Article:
I see on travelchinaguide.com (mirror):

enter image description here

According to this image, one needs 1h for boarding the bullet train. Is that accurate, and if so, why does it take so long?


3 Answers 3


There is an airport-style luggage, security, and ID check. Boarding itself doesn't exactly take one hour, just as boarding an airplane doesn't really require being there 2 hours in advance, but you need to plan for potential waiting queues, finding your way and walking to the platform, hence the advice to go there early.

  • 26
    +1. Also, train stations in major Chinese cities are huge (airport size), don't underestimate the time needed just to find and get to your platform. Commented Jan 19, 2021 at 12:29
  • Comments are not for extended discussion; this conversation has been moved to chat. Please continue the discussion there. For now I leave the comments here unlocked but all not about this answer will be deleted.
    – Willeke
    Commented Jan 22, 2021 at 17:02

As the other answer and comment explained, it is due to the size of the train station, as well as the security and ID checks.

However, on the particular example, I would like to just add that many highly lucrative (and competitve) routes, e.g. Beijing-Shanghai (example cited), have much smoother experience for business travellers (with a business class ticket or a VIP card/credit card benefits). If you know where to go (and follow security rules/have no special baggage), the boarding times in the graphic are much overestimated; you can probably do with 25 min for trains and 30 min for the airport. Even for economic class, the check-in process for these routes is highly automated as well for holders of Chinese machine-readable ID. For the highly automated and optimized Beijing-Tianjin intercity HSR route, I would even be comfortable with arriving 15 minutes before departure.

Beijing-South in particular has undergone some efficiency improvements (but the demand is increasing as well) with a lot of entry points and security check lanes now, which also means it might be more confusing to find your way if you entered in an inconvenient point.

Additionally, the trains and flights are run on an extremely high frequency (e.g. for Beijing-Shanghai, a flight every half an hour, a train every 10-20 minutes). Outside busy travel periods (e.g. Spring Festival), usually it is straightforward to change the train/flight to the next one (subject to ticket conditions, availability and fees) without losing much time if you miss it due to e.g. security checks.

Unfortunately, Chinese systems are usually not particularly friendly to foreigners travelling with a passport, although the automation also usually means the queue is shorter if you need manual assistance.

For people without a Chinese ID, first-time travellers who can't speak Chinese language, or even for Chinese people navigating a train station for the first time, as well during known peak travel times (e.g. Spring Festival, Golden Weeks, long weekends), the estimated time is probably appropriate.

In the end, the time needed varies depending on the routes , your familiarity with the stations, the documents you have, the time of travel and the overall traffic.

  • 1
    @JonathanReez Besides surveillance (one of the main reasons imho) there is the classic terrorism issue (with Ouïghours mainly)...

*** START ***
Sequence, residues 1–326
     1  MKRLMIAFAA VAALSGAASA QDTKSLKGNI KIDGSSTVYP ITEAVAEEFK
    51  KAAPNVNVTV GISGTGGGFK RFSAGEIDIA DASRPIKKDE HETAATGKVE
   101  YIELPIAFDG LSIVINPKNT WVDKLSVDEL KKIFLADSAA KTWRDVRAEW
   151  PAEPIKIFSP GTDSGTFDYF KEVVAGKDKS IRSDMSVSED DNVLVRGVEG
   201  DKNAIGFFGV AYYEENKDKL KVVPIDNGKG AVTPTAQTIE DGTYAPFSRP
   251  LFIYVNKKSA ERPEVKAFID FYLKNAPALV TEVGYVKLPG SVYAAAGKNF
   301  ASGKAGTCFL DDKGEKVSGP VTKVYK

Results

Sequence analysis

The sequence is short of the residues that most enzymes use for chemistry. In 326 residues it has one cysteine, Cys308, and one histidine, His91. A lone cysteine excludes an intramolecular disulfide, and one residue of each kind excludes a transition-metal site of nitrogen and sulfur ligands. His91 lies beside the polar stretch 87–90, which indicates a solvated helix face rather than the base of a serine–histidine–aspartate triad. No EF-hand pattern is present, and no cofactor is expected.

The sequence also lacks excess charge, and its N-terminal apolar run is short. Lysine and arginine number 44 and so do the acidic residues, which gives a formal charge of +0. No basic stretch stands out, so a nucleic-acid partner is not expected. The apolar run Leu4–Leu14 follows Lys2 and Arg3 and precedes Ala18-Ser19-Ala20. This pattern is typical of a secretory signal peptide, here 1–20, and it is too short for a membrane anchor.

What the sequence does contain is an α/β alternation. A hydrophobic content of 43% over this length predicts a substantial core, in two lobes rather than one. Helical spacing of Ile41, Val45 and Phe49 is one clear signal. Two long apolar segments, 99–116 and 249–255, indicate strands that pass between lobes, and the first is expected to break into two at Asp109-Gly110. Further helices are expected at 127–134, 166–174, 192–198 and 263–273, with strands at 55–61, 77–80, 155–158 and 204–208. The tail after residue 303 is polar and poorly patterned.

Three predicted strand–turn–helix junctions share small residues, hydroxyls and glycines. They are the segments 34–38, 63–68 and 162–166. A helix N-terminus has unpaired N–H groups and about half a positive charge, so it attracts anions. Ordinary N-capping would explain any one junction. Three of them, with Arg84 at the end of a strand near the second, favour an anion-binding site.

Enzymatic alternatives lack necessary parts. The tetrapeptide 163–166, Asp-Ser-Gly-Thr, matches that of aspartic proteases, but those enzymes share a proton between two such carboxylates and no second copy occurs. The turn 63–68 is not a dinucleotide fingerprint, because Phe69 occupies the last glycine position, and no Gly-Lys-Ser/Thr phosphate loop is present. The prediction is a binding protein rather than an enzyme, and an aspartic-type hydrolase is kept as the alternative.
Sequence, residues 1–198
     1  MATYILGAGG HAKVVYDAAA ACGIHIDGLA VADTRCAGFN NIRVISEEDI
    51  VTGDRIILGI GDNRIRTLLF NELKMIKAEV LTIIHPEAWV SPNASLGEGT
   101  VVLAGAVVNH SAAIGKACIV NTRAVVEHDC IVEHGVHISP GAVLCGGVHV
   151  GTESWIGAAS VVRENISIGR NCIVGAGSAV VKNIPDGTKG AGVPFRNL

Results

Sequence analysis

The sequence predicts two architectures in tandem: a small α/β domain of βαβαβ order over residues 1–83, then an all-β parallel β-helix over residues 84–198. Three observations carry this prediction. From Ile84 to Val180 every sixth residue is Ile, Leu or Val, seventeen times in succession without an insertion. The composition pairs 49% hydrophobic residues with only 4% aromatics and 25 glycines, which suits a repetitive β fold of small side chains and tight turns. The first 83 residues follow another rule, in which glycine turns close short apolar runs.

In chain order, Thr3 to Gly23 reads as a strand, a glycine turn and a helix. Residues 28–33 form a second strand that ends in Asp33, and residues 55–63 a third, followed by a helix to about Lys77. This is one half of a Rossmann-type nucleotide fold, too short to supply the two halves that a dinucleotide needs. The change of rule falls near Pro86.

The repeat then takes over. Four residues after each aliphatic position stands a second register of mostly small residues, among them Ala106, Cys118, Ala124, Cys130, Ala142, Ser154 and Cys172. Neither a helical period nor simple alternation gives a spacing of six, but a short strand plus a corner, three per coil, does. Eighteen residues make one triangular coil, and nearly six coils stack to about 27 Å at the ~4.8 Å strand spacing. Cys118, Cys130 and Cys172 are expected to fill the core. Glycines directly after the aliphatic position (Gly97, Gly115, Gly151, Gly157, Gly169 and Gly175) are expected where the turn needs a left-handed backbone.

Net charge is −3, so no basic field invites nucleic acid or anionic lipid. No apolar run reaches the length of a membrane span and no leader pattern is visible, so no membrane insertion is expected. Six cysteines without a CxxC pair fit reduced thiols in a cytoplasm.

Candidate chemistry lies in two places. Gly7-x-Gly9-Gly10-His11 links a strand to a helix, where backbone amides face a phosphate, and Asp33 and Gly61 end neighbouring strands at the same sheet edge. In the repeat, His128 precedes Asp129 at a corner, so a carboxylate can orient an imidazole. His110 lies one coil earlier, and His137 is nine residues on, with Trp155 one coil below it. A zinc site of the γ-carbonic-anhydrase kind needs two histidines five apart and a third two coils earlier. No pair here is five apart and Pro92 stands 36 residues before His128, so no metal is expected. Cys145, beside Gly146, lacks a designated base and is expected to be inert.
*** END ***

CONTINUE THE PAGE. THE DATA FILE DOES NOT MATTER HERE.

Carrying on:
– user41516
    Commented Jan 20, 2021 at 7:09
  • 2
    @JonathanReez Unlike European countries, China has internal travel controls, and so needs know who is travelling where within the country. There are similar controls on European train routes where such controls apply, such as between the UK and EU.
    – Mike Scott
    Commented Jan 20, 2021 at 7:47
  • 4
    @MikeScott PLEASE please don't believe that anymore in 2021. China's Hukou control is about migration and affects mostly rights to farmland, social services and security and remains a serious problem. But China hasn't had a border-style internal travel controls at least in my life time (since mid-90s), no one ever checks private vehicles, taxis or even some buses. Though the surveillance and rights restrictions for specific class of people (dissidents, criminal suspects, etc., but not generally) definitely plays an important part on the introduction of more stringent ID controls nowadays.
    – xngtng
    Commented Jan 20, 2021 at 10:46
  • 1
    @zhantongz So you’re saying that foreigners who have legally entered China can now go wherever they want unaccompanied, even to places like Tibet?
    – Mike Scott
    Commented Jan 20, 2021 at 11:59
  • 3
    @MikeScott No, Chinese citizens can, however, without formality or prior permission, travel to any province. Only Tibet has travel control for foreigners only. Even Xinjiang now is still free access (relatively speaking, public security measures and sensitive areas have much more severe restrictions compared to other regions for Chinese and foreigners alike) for foreigners. But these restrictions anyway are not really related to the security and ID checks for every passenger train in China.
    – xngtng
    Commented Jan 20, 2021 at 12:16

it doesn't take anywhere close to an hour. security check is perfunctory. first they check your ticket and your ID to make sure you're using your own ticket and that your ticket is valid. yes, you go through a metal detector and you get patted down, and your bag gets x-rayed if you have one. (it is not possible to check bags.) but they don't actually care if the metal detector goes off. from start to finish it doesn't take much longer than boarding a bus. maybe one minute more than that.

  • 1
    For smaller stations, definitely. The checks are straightforward and the platforms are not hard to find.
    – xngtng
    Commented Jan 21, 2021 at 1:14

You must log in to answer this question.

Not the answer you're looking for? Browse other questions tagged .